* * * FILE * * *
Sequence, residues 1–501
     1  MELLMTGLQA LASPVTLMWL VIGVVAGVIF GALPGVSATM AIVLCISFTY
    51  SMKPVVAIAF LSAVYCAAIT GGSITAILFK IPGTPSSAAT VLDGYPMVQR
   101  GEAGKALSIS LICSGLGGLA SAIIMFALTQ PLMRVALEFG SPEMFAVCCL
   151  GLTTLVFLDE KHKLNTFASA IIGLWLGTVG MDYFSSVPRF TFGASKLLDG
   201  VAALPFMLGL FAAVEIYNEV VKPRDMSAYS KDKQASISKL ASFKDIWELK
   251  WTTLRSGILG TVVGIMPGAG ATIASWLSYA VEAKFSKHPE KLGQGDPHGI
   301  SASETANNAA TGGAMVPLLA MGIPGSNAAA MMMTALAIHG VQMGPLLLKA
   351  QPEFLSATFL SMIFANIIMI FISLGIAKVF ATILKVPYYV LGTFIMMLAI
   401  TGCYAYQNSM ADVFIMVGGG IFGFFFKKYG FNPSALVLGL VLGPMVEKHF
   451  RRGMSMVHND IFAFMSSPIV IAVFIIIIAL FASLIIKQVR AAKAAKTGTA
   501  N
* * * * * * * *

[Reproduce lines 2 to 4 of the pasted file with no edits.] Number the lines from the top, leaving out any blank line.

     1  MELLMTGLQA LASPVTLMWL VIGVVAGVIF GALPGVSATM AIVLCISFTY
    51  SMKPVVAIAF LSAVYCAAIT GGSITAILFK IPGTPSSAAT VLDGYPMVQR
   101  GEAGKALSIS LICSGLGGLA SAIIMFALTQ PLMRVALEFG SPEMFAVCCL